Scott Allen Burns
A Monomial-Based Method for Solving Systems of Algebraic Equations
Systems of nonlinear algebraic equations arise frequently in science and engineering, either directly from a discrete model or indirectly from a discretization of a continuous model. In exceptional cases, such systems can be solved in closed-form, but generally, numerical methods provide the only hope of obtaining a solution. The majority of numerical nonlinear equation solvers are based on linearization techniques. Newton's method, for example, generates a sequence of easily-solved linear subproblems that usually produces an increasingly refined approximation of one of the solutions of the nonlinear system.
This project reconsiders the basic strategy of linearization. It investigates an alternative monomial approximation of the nonlinear system deriving from the arithmetic-geometric mean inequality. A logarithmic transformation of variables converts the monomial system into an easily-solved linear system. Four invariance properties of the monomial method, not shared by Newton's method, have been identified. These invariance properties are responsible for enhanced performance of the monomial method in comparison to Newton's method.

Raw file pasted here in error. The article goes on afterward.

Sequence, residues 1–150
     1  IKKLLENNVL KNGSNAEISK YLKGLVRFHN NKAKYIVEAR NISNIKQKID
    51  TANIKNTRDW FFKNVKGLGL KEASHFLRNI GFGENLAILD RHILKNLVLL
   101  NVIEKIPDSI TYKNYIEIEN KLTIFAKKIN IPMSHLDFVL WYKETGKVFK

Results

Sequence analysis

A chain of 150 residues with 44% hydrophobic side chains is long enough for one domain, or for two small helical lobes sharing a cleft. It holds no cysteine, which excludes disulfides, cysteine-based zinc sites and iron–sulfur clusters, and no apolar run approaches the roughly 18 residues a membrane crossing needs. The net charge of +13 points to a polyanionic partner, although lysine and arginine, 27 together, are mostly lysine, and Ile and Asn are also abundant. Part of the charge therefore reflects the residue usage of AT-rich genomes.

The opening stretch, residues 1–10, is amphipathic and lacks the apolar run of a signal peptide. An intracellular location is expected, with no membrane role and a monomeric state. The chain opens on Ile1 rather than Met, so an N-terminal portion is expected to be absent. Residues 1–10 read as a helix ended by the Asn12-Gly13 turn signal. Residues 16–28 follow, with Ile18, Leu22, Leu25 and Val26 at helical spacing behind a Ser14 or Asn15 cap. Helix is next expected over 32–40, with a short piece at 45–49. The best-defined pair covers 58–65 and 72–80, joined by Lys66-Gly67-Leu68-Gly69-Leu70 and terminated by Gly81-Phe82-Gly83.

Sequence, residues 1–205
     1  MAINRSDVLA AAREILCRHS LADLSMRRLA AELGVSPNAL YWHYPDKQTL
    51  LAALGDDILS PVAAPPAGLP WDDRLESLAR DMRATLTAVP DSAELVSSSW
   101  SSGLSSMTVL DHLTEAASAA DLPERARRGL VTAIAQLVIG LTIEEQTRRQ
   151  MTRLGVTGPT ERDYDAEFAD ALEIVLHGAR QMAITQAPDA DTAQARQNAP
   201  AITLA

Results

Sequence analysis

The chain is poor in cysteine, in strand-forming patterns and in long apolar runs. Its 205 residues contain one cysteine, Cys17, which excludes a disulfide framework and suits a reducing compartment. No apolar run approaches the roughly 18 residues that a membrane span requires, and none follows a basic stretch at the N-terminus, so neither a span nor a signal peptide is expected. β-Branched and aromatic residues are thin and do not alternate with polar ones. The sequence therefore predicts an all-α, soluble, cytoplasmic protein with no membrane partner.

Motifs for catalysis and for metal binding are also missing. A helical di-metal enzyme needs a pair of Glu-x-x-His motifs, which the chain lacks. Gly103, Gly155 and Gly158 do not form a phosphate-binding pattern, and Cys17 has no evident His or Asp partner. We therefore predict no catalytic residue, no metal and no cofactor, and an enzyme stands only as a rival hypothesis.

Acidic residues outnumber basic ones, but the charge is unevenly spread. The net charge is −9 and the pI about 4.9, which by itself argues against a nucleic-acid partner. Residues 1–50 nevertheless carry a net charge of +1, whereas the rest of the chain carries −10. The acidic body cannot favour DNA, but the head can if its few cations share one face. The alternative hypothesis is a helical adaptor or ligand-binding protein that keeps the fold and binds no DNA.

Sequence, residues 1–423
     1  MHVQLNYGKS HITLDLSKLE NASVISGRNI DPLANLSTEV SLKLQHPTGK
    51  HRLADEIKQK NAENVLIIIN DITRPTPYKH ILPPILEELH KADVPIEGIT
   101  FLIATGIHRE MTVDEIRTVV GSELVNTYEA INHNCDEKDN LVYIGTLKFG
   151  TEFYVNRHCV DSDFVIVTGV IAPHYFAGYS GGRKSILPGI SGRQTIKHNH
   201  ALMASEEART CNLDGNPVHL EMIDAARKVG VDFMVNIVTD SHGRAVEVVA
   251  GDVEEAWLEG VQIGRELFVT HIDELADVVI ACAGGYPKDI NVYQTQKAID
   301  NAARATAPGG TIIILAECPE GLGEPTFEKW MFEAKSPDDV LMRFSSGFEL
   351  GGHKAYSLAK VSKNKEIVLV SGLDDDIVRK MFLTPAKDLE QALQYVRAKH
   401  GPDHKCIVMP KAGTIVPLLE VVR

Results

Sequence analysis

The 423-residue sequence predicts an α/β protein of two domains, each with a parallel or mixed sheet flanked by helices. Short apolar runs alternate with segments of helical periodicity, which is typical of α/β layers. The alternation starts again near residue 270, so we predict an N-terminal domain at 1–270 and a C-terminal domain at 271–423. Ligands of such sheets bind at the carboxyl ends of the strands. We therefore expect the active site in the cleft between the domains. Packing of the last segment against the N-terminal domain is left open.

The immediate goal of this project is to clearly identify the classes of problems that are solved most effectively by the monomial method. To this end, three specific areas will be investigated: (1) the generalization of the monomial method to non-algebraic functional forms; (2) application of the monomial method to other engineering disciplines; and (3) evaluation of the effectiveness of the monomial method for solving ill-conditioned and badly-scaled problems.